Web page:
Perhaps the time wasn’t right for a new Robin Hood movie after all. From Lionsgate, the next feature film to be based on the classic character was recently released for the holiday weekend. The studio was undoubtedly hoping for a big return, given the investment of $100 million placed into the movie’s budget. With global box office totals falling well short of that at around $22 million, the film is unequivocally a bomb. That’s not even a quarter of the production costs associated with making the film, and it’s very unlikely to improve its theatrical performance moving forward either. Unless a miracle happens, Robin Hood will not even be earning its budget back in theaters, much less turn a profit.
This iteration of the classic tale comes from director Otto Bathurst. To its credit, the cast is full of some amazing talent. That includes Taron Egerton as Robin Hood, Jamie Foxx as Little John, Eve Hewson as Marian, and Ben Mendelsohn as the Sheriff of Nottingham. Still, the story just didn’t seem to resonate well with viewers, and the reviews have been absolutely abysmal. The film is rated at just 13% at Rotten Tomatoes, which certainly isn’t doing any favors for the turnout. Among the critics, the consensus is that the modernized action and special effects fall flat when added to a classic story that really didn’t need it.
Two other films releasing at the same time fared much better, both critically and financially. Ralph Breaks the Internet wrecked its way into earning the 2nd highest ever Thanksgiving opening, pulling in tons of positive reviews in the process. On the other side, the sequel Creed II put the pounding on the box office as well, becoming the highest ever grossing live-action film to be released on the holiday weekend. There were definitely tons of people going to the movies across the world over Thanksgiving weekend, but while they were flocking to these films, nowhere near as many were willing to check out Robin Hood.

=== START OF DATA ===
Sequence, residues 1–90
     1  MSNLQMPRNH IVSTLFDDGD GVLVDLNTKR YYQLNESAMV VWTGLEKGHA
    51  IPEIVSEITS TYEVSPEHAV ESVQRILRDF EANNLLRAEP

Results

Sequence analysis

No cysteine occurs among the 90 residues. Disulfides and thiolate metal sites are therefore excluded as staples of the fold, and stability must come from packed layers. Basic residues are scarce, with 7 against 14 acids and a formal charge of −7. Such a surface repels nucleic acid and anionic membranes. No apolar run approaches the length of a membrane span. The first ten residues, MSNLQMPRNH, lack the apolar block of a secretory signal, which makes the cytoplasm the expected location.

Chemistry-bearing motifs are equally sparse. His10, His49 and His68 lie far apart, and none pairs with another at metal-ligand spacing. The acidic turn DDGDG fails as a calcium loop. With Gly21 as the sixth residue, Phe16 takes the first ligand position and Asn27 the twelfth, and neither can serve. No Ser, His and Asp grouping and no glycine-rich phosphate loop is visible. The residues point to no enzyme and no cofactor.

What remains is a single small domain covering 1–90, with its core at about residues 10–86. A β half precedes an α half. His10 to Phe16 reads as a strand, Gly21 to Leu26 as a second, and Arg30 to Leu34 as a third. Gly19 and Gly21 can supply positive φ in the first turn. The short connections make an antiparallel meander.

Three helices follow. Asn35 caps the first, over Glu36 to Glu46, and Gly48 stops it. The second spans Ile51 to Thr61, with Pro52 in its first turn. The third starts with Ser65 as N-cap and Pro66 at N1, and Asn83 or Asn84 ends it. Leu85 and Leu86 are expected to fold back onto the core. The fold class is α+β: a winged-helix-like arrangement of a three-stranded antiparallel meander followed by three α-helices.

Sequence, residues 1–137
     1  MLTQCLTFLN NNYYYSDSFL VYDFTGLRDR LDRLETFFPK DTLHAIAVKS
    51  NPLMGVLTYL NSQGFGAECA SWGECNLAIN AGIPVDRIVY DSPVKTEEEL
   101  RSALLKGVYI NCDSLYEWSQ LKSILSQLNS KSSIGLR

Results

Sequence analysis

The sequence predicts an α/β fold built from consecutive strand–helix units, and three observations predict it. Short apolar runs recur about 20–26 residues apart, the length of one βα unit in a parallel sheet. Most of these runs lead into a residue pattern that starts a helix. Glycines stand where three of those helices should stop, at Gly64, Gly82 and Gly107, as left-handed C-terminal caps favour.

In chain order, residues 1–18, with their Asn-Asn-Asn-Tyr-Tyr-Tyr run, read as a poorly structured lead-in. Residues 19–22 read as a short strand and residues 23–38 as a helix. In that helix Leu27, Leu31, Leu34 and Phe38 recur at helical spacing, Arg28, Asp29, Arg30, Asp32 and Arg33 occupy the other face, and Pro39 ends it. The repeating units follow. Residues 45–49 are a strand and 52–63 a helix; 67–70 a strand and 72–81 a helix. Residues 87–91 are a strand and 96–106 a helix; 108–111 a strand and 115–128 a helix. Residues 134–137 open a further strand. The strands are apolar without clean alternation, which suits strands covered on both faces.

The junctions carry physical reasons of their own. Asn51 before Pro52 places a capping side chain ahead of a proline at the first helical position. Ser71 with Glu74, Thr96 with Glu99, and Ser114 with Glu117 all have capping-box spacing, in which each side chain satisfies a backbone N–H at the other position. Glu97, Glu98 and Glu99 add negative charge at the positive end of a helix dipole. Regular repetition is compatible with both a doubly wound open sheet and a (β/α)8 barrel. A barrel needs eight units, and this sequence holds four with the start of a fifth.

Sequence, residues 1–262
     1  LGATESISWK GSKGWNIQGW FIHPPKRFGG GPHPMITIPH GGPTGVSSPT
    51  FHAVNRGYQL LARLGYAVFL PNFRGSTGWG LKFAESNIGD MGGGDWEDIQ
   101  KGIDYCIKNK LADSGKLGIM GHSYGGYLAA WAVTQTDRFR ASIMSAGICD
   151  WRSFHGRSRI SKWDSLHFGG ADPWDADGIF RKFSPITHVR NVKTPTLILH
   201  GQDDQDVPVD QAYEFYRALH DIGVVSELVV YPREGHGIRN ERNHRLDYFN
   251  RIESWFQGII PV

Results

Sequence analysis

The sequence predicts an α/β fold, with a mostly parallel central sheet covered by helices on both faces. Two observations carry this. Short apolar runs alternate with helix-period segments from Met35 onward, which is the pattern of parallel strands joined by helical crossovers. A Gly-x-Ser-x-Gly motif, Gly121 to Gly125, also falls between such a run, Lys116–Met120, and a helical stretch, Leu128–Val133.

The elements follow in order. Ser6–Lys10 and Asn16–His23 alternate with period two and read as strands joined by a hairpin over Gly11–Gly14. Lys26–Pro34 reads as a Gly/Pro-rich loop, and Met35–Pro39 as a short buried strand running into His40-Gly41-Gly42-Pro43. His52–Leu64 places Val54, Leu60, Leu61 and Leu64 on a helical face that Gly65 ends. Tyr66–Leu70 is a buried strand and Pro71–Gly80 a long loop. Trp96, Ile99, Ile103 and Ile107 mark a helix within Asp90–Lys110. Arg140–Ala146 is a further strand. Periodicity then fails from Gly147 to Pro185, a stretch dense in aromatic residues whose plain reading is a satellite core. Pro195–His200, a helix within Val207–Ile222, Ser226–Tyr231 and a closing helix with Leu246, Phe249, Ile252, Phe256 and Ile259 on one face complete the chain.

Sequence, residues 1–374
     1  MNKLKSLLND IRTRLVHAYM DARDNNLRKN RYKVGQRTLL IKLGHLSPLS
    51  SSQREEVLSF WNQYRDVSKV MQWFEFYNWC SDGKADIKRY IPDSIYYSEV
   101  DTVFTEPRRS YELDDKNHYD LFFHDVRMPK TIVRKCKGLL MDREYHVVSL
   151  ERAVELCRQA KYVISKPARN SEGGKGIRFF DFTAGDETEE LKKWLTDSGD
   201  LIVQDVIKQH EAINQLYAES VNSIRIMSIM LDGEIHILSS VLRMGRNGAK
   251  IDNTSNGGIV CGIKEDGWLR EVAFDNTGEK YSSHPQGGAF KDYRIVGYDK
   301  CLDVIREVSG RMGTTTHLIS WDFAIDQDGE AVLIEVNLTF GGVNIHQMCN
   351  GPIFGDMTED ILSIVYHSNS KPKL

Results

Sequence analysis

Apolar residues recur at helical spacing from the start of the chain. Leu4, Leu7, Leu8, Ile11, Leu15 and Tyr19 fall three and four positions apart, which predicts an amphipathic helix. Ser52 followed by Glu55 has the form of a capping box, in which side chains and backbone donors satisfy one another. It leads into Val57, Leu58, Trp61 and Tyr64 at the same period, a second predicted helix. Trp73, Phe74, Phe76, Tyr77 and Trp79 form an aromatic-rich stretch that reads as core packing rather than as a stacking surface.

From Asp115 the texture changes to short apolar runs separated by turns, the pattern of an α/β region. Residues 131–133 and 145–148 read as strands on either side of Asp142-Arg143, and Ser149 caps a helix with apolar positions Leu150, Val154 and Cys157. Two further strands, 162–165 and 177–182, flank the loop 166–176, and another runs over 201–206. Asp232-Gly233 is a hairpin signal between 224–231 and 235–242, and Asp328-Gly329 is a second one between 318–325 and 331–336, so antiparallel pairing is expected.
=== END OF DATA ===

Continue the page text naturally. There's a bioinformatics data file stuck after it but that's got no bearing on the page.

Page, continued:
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Robin of Loxley has proven to be a profitable presence on the big screen in the past, so we can’t fault Lionsgate entirely here for not predicting these results. In 1991, Kevin Costner made the character more popular than ever by starring in Robin Hood: Prince of Thieves. That film raked in nearly $400 million on a budget of less than $50 million. More recently, Russell Crowe took over the role in 2010 in a film which made over $300 million against a budget of around $200 million. Now, Robin Hood is a money loser by the millions, and after this failed run, it seems unlikely we’ll be seeing any high-budget productions of the story on the big screen for a while.
Of every film made with a budget of $90 million or higher, Robin Hood is officially the lowest-performing of them all for this year. Maybe people are just getting tired of seeing this story told so many times. Or, perhaps the film’s updated action style just didn’t feel right when applied to Robin Hood. Either way, the film is 2018’s biggest bomb. This information comes to us from The Wrap.